La Chureca, a landfill in Nicaragua, has been home to 1800 people since they were displaced suddenly due to a devastating earthquake in 1972. My photographs in this series – taken over the course of more than five years – document the continuing struggle, but also the progress in this community. In 2007, the Spanish government provided a grant to create a methane gas into energy project, providing employment through a recycling factory and an upgrade from plastic huts laying alongside this 4.5 square mile landfill into concrete homes for the residents now living in a newly built community.
Today, the people are learning to adjust to their new situation. For most, life is easier, but some still need to sift through the trash that is not handled by the sorting factory. All in all, I see La Chureca as a model to improve and develop better solutions for other landfill dependent communities around the world, and in using the medium of photography I hope to bring the beauty, power, and hope of this place into the awareness of a larger audience.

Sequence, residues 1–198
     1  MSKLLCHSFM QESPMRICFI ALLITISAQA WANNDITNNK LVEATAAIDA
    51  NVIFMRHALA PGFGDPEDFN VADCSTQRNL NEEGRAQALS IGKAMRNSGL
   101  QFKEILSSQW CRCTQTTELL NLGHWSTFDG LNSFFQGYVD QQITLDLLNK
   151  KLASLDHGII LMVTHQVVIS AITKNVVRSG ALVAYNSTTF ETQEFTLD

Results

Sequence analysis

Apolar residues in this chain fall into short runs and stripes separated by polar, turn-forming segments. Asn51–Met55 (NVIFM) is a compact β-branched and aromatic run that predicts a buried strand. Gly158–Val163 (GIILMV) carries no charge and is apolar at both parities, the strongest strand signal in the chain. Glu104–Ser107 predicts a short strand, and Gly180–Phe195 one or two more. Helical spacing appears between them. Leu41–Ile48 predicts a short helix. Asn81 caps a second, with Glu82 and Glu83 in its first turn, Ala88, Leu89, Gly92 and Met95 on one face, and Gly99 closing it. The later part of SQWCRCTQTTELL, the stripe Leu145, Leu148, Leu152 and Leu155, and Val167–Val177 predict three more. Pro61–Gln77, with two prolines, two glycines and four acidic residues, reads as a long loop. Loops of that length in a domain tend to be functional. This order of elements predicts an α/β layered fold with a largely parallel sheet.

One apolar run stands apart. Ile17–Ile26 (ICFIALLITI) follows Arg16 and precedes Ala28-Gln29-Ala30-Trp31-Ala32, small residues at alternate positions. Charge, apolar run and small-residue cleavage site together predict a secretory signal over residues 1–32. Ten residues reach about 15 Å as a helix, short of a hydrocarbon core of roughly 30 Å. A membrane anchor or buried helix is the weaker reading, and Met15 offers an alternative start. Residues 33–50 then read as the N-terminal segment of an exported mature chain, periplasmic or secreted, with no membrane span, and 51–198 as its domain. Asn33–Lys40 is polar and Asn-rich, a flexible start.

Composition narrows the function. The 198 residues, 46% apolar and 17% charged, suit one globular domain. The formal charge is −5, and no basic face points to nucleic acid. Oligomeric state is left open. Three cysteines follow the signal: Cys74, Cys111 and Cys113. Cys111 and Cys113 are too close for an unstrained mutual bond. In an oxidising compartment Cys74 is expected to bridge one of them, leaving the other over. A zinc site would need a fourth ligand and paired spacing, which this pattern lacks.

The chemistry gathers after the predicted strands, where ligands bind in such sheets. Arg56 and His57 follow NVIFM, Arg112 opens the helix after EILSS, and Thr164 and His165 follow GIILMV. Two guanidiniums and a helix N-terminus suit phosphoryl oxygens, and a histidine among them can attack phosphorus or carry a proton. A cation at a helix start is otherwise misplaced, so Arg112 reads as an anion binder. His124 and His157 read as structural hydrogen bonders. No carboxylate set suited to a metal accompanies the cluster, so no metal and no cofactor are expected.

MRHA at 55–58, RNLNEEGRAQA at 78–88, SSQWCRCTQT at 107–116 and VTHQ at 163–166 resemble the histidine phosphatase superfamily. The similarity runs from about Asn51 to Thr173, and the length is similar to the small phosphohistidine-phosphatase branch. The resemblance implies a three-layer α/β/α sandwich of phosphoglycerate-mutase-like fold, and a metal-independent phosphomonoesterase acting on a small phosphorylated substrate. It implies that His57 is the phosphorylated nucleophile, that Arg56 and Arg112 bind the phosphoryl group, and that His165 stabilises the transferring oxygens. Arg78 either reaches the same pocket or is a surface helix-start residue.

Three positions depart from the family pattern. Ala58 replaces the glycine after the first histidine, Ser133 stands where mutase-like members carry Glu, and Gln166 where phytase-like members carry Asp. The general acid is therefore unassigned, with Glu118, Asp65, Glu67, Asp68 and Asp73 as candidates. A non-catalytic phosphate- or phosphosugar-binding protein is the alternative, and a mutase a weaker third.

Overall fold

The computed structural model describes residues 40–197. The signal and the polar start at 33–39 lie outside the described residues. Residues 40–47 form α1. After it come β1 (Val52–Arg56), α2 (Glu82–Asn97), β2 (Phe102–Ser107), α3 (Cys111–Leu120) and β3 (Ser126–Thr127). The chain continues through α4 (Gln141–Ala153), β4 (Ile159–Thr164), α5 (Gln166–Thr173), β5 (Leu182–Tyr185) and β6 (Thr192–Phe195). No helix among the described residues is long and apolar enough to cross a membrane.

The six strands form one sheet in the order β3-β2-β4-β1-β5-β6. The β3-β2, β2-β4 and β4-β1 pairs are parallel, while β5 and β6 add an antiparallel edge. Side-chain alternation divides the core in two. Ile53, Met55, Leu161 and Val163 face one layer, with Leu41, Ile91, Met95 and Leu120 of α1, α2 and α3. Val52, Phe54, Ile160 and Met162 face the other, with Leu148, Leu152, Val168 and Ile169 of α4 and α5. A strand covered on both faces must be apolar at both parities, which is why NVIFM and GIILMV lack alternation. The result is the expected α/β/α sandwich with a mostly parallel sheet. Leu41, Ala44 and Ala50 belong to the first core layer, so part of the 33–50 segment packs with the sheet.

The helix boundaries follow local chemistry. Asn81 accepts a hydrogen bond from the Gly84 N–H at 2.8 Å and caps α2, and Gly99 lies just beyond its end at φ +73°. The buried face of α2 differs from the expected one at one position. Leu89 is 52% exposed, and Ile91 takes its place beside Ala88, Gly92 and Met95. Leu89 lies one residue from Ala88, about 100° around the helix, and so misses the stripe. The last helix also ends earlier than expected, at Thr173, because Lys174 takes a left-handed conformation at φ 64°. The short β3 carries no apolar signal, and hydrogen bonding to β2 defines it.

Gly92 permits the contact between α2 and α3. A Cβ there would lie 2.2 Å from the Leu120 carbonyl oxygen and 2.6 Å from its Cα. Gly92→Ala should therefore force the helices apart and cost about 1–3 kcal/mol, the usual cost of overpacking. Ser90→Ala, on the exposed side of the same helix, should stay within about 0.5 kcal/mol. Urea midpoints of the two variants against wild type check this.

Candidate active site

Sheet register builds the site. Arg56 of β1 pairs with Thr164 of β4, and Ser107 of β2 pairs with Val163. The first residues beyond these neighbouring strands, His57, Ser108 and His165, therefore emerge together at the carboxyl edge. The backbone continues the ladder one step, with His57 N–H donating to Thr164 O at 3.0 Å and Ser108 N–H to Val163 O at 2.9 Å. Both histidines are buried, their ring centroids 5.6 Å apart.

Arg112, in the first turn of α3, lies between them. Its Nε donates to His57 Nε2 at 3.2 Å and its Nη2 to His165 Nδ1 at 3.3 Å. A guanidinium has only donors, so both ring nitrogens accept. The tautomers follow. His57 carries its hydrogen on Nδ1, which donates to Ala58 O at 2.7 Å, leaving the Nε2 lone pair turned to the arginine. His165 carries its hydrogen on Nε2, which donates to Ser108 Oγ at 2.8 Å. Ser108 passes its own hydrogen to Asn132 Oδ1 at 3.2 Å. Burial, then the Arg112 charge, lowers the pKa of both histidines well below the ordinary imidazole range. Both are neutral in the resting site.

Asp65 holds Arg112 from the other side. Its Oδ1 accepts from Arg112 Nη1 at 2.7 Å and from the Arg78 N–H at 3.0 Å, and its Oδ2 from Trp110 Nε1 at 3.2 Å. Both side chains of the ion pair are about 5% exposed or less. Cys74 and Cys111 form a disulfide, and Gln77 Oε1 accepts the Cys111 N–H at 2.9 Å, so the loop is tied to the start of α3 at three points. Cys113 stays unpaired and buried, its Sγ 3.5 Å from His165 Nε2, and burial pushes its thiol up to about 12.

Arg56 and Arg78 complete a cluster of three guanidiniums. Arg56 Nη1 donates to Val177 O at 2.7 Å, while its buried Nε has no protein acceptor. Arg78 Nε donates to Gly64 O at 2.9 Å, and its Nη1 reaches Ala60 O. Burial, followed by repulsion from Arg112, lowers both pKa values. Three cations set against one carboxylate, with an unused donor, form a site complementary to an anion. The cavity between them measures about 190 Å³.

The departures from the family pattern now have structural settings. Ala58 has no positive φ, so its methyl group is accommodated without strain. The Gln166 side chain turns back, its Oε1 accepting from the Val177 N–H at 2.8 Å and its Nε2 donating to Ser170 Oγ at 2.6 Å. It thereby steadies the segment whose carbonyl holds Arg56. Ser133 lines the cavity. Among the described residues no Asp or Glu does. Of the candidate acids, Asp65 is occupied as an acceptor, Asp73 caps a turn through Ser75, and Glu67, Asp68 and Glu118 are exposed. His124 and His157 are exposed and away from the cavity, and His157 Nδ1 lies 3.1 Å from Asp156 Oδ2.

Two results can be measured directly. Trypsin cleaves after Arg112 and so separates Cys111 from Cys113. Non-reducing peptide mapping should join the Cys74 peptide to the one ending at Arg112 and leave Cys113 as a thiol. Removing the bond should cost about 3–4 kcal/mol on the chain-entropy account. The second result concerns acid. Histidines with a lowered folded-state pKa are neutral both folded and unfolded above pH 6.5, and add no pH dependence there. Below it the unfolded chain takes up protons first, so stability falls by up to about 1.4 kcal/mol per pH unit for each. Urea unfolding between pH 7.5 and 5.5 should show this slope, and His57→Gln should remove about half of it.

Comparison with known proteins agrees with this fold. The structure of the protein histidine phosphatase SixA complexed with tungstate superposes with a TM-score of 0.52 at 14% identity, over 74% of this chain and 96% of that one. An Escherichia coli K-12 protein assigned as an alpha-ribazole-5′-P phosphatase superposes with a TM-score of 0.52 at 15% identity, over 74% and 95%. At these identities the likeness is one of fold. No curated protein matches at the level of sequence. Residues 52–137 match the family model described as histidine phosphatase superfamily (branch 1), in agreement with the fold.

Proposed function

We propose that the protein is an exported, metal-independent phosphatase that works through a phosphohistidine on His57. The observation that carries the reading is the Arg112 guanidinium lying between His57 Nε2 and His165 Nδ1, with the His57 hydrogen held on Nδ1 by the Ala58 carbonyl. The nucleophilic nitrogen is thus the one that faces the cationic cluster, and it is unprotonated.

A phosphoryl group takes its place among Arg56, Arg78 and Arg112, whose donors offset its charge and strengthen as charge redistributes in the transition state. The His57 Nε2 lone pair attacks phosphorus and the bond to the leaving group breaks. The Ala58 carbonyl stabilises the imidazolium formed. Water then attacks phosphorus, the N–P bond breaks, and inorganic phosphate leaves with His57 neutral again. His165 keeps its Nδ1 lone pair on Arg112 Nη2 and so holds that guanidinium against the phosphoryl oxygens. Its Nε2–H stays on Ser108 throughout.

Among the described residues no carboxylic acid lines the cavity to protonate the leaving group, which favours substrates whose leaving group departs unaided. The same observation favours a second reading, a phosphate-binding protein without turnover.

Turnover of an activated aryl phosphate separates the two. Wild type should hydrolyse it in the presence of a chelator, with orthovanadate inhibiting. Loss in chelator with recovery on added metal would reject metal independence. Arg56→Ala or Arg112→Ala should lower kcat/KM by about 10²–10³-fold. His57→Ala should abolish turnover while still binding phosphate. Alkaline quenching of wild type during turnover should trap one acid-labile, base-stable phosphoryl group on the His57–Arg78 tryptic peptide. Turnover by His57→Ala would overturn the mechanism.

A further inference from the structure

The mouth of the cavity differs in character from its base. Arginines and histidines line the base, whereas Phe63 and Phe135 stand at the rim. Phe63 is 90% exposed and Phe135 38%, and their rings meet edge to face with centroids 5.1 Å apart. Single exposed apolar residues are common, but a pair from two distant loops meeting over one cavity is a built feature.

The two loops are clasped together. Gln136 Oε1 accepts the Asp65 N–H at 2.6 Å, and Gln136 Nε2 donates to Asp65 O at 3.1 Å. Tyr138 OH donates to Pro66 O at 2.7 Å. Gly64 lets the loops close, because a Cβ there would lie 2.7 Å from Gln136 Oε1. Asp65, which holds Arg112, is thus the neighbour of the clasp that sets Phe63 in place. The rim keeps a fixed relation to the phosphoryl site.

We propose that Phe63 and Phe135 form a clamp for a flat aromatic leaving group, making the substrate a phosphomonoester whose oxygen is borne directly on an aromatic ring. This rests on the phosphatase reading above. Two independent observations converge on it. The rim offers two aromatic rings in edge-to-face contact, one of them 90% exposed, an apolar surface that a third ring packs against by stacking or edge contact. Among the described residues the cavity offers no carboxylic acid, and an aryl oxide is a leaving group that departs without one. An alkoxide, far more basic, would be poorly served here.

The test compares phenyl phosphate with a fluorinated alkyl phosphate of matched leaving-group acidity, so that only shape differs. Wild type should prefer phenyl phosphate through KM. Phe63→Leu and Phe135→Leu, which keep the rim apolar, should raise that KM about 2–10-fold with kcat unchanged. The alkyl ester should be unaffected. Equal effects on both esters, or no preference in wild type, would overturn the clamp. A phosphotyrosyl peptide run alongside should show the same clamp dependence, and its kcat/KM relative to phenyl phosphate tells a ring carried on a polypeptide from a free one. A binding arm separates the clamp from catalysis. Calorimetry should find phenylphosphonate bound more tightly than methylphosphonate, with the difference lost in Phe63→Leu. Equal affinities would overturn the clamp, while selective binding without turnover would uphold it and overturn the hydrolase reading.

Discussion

For me, photographing landfills is a transcendent activity. It allows me to experience on a visceral level relationships between the land, the people, the trash, the environment, climate change, and the interconnectedness of all elements. In a world in a race to advance itself, it is important to not only build new things – it is even more important to care for and nurture people and regions that already exist and have been destabilized as a result of this advancement.
– Timothy Bouldry
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About Timothy Bouldry
Timothy Bouldry photographs and educates people about landfill activity and the people who live from them. His published photographs were used by activists to present to the House of Representatives, The US Senate and The Organization of American States. He was interviewed on shows in Mexico and Nicaragua. The US EPA showcased his photographs and videos at the Vancouver Convention Center during the Methane Expo. Bouldry created an Executive Management Team under the non-profit Right Path Projects and working with an organization called em[POWER] Energy Group to raise money for landfill dependent communities on a global level. His work will expand into the Middle East, Asia and beyond. In 2015, he will be moving to Nicaragua to continue photographing this topic as he begins a Duckweed project at La Chureca to clean the water, as well as, teach English and Yoga and volunteer in helping the healthcare system. All with the help and assistance of em[POWER] Energy Group.